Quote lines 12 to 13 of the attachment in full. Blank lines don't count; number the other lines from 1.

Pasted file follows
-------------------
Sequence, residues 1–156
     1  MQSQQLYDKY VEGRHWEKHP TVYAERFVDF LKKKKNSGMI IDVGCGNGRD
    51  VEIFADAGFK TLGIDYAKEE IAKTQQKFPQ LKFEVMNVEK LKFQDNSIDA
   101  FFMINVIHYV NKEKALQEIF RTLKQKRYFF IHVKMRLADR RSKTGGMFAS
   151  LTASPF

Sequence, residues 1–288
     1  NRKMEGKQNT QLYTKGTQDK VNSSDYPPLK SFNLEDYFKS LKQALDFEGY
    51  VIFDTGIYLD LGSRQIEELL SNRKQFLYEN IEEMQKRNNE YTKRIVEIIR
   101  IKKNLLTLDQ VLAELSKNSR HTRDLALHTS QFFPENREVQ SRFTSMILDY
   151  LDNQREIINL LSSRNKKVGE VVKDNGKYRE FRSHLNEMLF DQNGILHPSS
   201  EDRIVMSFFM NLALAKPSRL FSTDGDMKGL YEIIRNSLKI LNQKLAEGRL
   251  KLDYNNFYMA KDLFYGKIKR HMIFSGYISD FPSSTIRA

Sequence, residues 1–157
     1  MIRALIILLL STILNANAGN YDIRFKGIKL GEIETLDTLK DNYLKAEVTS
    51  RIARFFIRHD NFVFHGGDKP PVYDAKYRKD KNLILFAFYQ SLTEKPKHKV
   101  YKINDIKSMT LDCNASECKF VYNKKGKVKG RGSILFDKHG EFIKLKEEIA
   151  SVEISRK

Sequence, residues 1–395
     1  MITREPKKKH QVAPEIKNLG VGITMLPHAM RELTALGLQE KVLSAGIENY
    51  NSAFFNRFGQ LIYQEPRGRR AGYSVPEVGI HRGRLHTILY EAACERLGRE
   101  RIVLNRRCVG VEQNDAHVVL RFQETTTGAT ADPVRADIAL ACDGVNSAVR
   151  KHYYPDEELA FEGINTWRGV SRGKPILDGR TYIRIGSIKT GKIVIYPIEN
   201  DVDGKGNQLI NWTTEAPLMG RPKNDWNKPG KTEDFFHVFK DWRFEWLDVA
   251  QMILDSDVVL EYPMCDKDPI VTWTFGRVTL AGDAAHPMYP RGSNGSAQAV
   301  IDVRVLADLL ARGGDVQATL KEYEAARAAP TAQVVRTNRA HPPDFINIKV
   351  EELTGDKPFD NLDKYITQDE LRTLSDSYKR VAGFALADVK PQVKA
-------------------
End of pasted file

   251  KLDYNNFYMA KDLFYGKIKR HMIFSGYISD FPSSTIRA

Sequence, residues 1–157